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Automated Provisioning of JMS Resources in Java EE 7

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Automated Provisioning of JMS Resources in Java EE 7

See exactly what has changed in Java EE 7 that allows JMS resources to be automatically deployed.

· Java Zone ·
Free Resource

Download Microservices for Java Developers: A hands-on introduction to frameworks and containers. Brought to you in partnership with Red Hat.

JMS 2.0 (part of the Java EE 7 Platform) introduced lots of nice features. One of these was the ability to declare JMS resources for automatic deployment.

Pre Java EE 7

  • Inject Connection Factory using @Resource
  • Lookup Destination (Queue/Topic) using @Resource
  • Pull out the Session object and use it to create the Message, Message Producer and send the message

Most importantly, you had to make sure that the resources i.e. the Connection Factory and the physical destinations were configured in your application server in advance.

In the Java EE 7 Era…

You can leverage JMS 2.0 goodies:

  • Use injected JMS Context (in most of the cases) to ease the sending process with less boilerplate code
  • Most importantly, you can declaratively configure auto provisioning of JMS Resources using annotations or deployment descriptors

Let’s look at the new JMS 2.0 annotations in action. You can also pick up this Maven project on Github and deploy it in your favourite IDE.

@JMSConnectionFactoryDefinition, @JMSConnectionFactoryDefinitions

Used to declare one or more connection factories.

@JMSDestinationDefinition, @JMSDestinationDefinitions

Used to declare one or more physical destinations (queues or topics).

@Stateless
@JMSConnectionFactoryDefinition(name = "java:comp/env/AutoDeloyedJMSConf")
@JMSDestinationDefinition(interfaceName = "javax.jms.Queue", name  = "java:comp/env/AutoDeloyedJMSQueue")
public class Service {
    //usage omitted...
}

@JMSConnectionFactoryDefinitions({
    @JMSConnectionFactoryDefinition(
       name="java:comp/env/AutoDeloyedJMSConf1"
    ),
    @JMSConnectionFactoryDefinition(
       name="java:comp/env/AutoDeloyedJMSConf2"
    ) 
})
@JMSDestinationDefinitions({
    @JMSDestinationDefinition(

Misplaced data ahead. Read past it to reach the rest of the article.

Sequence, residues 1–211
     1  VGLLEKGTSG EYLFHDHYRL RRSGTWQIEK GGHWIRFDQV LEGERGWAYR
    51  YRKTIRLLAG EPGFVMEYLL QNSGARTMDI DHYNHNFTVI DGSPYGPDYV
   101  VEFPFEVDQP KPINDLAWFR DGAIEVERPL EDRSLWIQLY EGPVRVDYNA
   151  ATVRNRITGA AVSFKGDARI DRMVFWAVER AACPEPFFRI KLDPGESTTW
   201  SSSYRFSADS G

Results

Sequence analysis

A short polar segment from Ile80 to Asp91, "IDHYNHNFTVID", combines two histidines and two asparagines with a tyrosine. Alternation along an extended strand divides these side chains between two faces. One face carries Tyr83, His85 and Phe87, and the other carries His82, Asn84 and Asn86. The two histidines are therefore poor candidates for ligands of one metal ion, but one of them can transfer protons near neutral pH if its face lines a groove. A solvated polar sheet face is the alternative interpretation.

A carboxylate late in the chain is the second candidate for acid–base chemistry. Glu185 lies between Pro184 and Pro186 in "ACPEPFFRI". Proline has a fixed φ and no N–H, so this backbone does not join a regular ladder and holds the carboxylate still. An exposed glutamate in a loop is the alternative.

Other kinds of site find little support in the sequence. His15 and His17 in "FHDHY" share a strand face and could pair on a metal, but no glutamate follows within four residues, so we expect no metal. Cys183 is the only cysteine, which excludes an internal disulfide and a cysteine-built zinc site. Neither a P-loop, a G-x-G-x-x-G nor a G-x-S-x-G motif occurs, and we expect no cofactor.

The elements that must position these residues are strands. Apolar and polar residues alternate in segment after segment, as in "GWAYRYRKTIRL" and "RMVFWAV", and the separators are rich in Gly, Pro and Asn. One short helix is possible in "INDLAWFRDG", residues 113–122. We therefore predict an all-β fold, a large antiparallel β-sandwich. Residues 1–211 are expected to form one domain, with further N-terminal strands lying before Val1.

name="java:comp/env/AutoDeloyedJMSQueue1",
       interfaceName = "javax.jms.Queue",
    ),
    @JMSDestinationDefinition(
       name="java:comp/env/AutoDeloyedJMSQueue2",
       interfaceName = "javax.jms.Queue",
    ) 
})
@Stateless
public class AnotherService {
    //usage omitted...
}

Oh and you can also use XML:

//snippet only..

<jms-connection-factory>
   <name>java:comp/env/AutoDeloyedJMSConf3</name>
</jms-connection-factory>

<jms-destination>
   <name>java:comp/env/AutoDeloyedJMSQueue3</name>
   <interfaceName>javax.jms.Queue</interfaceName>
</jms-destination>

These can be a part of the web deployment descriptor (web.xml) or the EJB deployment descriptor (ejb-jar.xml).

Possible Variations

There are several ways to use this feature:

  • Declare your JMS resources using a @Startup powered @Singleton EJB
  • You can also declare it on a Servlet or any CDI managed bean for that matter
@Singleton
@Startup
@JMSDestinationDefinition(interfaceName = "javax.jms.Queue", name  = "java:comp/env/EmailQueue")
public class EmailQueueAutoProvisionService {

    @PostConstruct
    public void confirm(){
        System.out.println("Email Queue configured");
    }
}

What’s the Point of All This?

The container/Java EE application server makes sure that the JMS artefacts are available to your application logic on-demand.

  • It’s valuable in PaaS, microservices, dockerized and any other environment which heavily leverage automated deployments
  • Good for automated testing
  • It’s one less item to think about and configure!

Additional Resources


Download Building Reactive Microservices in Java: Asynchronous and Event-Based Application Design. Brought to you in partnership with Red Hat

Topics:
java ee 7 ,jms

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